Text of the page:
Momma and Poppa Graybeal were married for nearly 67 years. They died within a few months of each other in 1968. They are interred in the Salem Baptist Church cemetery across the road from where they lived.

Not many kids today have the good fortune to know their great grandparents. I’m privileged to have known mine.

Making Military History Personal

As a teacher, I always insisted to my students that the study of history was about much more than dates and elections and battles; it is about people. History is best learned, I think, through the study of people, biography. That is even more true when you know–better yet, are related to–those people.

I rediscovered this truth when I got sidetracked while doing genealogical research. I had begun following my uncle’s footsteps through World War II. Uncle Dillon was a tank driver for forward observers in the 391st Armored Field Artillery Battalion of the 3rd Armored Division, the famous “Spearhead” division in the drive across Europe, breaching the Siegfried Line and entering Germany. My quest was somewhat stymied, however, when I learned that most of his personal military records had been destroyed in the great fire in the St. Louis military repository in the Seventies.

But I soon found another avenue of family history to research when I was trying to find information for my wife’s aunt, whose husband had been in the U.S. Army’s 8th Air Force during the war. I got some basic information from the aunt and began delving into the online resources. Here’s what I learned.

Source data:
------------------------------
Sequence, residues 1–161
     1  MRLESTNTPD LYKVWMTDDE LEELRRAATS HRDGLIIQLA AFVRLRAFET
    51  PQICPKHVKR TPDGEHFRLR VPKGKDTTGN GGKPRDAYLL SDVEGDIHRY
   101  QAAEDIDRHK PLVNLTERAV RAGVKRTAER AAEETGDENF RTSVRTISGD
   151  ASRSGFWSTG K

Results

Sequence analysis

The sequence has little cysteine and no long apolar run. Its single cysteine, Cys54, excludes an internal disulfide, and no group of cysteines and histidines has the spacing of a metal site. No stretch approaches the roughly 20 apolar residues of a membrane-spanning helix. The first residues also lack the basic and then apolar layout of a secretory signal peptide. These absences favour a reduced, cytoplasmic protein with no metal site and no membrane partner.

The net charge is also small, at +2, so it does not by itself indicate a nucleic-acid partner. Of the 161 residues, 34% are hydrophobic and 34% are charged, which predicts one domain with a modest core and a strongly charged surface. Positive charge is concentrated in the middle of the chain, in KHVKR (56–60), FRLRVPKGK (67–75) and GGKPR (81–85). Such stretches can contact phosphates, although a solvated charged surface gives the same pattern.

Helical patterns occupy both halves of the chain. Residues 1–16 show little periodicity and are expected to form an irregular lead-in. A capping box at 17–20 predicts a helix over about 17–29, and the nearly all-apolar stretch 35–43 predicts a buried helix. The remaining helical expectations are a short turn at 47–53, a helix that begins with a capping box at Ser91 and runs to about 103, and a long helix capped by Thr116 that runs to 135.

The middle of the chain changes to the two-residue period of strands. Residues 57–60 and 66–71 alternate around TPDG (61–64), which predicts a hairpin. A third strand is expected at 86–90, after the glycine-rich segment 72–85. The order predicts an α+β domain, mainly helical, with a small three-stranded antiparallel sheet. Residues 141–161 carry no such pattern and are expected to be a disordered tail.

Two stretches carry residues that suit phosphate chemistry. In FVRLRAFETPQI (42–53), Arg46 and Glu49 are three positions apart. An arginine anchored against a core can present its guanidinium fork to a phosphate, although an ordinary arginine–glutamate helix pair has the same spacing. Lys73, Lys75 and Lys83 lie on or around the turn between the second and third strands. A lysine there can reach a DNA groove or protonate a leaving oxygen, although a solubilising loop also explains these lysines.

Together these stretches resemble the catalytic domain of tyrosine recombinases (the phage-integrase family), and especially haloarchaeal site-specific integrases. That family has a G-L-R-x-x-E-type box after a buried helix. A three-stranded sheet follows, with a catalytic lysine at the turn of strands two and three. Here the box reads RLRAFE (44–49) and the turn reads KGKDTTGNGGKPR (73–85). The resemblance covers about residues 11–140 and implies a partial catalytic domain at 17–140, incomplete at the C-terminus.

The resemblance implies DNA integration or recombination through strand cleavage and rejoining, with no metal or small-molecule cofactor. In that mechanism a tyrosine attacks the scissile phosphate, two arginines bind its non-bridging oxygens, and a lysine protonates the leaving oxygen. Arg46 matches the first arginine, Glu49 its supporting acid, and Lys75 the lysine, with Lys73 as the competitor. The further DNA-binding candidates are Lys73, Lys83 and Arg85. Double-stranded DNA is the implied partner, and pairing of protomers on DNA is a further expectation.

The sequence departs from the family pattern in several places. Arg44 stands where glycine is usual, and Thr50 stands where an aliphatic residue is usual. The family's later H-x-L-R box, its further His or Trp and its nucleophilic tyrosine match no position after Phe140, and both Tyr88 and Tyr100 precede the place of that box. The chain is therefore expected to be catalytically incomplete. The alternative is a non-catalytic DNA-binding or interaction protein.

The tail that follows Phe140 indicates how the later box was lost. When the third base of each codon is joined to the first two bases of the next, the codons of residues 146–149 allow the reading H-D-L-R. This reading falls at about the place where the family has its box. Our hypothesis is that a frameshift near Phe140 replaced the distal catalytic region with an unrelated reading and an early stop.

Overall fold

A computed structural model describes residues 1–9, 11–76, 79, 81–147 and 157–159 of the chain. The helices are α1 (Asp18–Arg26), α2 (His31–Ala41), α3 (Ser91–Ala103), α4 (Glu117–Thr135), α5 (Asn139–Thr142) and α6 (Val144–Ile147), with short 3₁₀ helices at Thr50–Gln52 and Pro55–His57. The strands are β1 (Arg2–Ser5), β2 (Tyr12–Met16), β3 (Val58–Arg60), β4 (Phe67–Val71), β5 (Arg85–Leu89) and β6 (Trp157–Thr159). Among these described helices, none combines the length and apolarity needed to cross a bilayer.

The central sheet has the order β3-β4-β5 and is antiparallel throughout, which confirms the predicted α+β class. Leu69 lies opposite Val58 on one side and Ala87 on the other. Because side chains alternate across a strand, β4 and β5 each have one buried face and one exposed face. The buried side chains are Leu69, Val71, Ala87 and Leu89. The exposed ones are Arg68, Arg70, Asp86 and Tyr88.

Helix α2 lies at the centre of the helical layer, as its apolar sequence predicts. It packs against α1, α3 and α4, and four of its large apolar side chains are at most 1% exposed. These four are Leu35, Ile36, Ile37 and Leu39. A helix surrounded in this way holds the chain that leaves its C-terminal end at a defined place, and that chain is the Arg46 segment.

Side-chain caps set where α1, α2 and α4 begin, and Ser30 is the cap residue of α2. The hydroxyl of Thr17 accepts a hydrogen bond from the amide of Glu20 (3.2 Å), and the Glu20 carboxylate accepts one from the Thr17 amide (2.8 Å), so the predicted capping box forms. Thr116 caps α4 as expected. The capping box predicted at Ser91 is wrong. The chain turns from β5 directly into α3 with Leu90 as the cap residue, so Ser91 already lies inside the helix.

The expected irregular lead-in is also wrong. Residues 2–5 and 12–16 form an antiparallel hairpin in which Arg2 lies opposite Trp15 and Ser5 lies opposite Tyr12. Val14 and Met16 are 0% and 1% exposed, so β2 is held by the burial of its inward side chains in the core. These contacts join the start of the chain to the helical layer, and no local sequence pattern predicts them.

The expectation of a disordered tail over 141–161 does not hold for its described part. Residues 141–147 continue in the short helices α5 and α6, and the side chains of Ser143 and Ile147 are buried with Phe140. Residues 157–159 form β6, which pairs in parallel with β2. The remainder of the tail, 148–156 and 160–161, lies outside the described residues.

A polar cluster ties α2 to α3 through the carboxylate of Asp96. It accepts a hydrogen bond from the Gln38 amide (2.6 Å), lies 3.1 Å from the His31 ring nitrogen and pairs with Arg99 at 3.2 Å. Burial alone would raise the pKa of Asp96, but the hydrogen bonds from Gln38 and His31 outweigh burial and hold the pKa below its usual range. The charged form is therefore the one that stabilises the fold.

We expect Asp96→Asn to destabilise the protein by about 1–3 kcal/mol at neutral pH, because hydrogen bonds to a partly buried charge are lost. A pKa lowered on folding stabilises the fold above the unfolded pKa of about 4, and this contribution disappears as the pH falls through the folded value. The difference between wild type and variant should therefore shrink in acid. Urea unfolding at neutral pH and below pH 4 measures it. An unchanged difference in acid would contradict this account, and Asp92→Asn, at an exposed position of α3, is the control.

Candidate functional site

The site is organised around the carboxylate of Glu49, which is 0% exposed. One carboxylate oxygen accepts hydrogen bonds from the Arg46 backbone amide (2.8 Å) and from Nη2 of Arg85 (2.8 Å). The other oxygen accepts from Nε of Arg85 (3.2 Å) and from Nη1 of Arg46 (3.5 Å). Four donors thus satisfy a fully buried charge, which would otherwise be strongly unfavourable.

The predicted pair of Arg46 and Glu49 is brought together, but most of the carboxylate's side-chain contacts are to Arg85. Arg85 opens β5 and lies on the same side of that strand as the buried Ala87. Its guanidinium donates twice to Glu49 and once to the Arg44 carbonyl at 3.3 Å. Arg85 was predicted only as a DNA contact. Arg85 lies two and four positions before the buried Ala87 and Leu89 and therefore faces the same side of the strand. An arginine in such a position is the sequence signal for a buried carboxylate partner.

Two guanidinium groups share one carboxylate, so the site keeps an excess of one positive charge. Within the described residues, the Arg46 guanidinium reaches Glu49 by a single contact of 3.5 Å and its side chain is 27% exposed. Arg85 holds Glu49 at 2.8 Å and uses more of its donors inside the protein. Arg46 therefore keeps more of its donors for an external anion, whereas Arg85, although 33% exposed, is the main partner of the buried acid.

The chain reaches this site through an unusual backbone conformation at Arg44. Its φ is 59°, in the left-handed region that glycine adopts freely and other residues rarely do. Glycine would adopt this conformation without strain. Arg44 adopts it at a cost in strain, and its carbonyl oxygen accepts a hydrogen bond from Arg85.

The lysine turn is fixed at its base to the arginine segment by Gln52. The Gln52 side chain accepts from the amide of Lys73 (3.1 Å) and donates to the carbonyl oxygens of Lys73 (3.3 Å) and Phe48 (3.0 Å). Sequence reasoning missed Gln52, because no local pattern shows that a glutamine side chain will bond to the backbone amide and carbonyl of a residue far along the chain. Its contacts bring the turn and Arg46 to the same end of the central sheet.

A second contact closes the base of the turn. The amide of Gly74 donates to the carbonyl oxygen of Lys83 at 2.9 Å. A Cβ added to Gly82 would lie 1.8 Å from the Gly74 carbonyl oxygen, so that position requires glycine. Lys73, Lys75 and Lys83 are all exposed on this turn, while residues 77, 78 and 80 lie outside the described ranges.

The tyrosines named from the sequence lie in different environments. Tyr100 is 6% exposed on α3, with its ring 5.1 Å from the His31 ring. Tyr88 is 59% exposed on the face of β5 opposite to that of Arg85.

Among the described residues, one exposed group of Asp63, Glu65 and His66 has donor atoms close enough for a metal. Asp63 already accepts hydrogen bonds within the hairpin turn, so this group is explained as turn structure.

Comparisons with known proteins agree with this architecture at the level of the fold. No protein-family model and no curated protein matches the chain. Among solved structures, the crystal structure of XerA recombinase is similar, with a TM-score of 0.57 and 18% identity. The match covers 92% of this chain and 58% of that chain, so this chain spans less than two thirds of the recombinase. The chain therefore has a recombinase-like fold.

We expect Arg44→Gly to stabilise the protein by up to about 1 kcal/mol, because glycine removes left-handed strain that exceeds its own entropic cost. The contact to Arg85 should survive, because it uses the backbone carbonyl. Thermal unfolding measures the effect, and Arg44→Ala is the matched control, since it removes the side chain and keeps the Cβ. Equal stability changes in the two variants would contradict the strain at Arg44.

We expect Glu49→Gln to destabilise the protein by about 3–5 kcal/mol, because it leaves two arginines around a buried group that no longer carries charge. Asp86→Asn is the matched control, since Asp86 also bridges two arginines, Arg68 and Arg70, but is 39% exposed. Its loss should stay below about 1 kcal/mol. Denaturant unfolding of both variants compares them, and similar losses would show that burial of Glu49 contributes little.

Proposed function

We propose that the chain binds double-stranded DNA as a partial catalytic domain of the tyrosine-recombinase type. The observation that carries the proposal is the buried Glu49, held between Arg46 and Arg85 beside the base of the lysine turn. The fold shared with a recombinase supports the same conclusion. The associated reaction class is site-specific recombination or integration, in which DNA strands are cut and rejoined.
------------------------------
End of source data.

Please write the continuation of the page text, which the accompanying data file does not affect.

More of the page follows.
Uncle Paul was a crew member on B-17s in the 384th Bombardment Group (Heavy), 546th Bombardment Squadron (Heavy), operating out of Grafton Underwood Airfield in England. (He is second from the left, front row, in the accompanying photo.) During the course of the war, he rose in rank from sergeant to staff sergeant. He received credit for 31 combat missions, his duty designation being tail gunner, although on nine of those missions he was designated a waist (or flexible) gunner. I was exhilarated when I discovered a website that gave every imaginable detail about every one of the missions he flew, including those on which the plane had to turn back because of mechanical problems, weather disruptions, or inability to locate their formation.

Interestingly, I also discovered that he had been involved in several missions that indirectly involved my Uncle Dillon, who was either on the ground in France at the time or soon would be. On June 6, 1944 (D-day), while my uncle, with the 391st AFA Battalion, was preparing to join U.S. troops after they had established a beachhead in Normandy, my wife’s uncle was on a mission to bomb two bridges in Caen, France, helping to ensure that the Normandy invasion was successful. On July 18, the day before my uncle landed in France, my wife’s uncle was flying a mission as part of Operation Crossbow, a bombing run against V-weapons in Zinnowitz, Germany. V-rockets had been causing havoc for the troops on the beachhead, and the B-17s were supposed to end that threat.

Then, on July 24-25, Uncle Dillon was poised in his tank to participate in Operation Cobra, the offensive to break out of the deadly bocage region of Normandy and begin the drive toward Germany. But first, the German front lines had to be pummeled from the air. The ground attack would be launched before the ground stopped shaking from the bomb blasts. Uncle Paul was in a B-17 in the air above dropping those bombs. The sad thing is that the wind had picked up and was blowing the colored smoke from bombs that marked the drop zone across American lines. Many of the bombs fell on our own soldiers, killing many. The attack was delayed until the next day. Again a preliminary bombardment was ordered, and again winds blew the marker smoke over American lines. More U.S. soldiers were killed, including the general who had gone to the front to determine what had gone wrong the day before. Nonetheless, the attack went forward, and U.S. troops broke out of the bocage. The race to Berlin was on.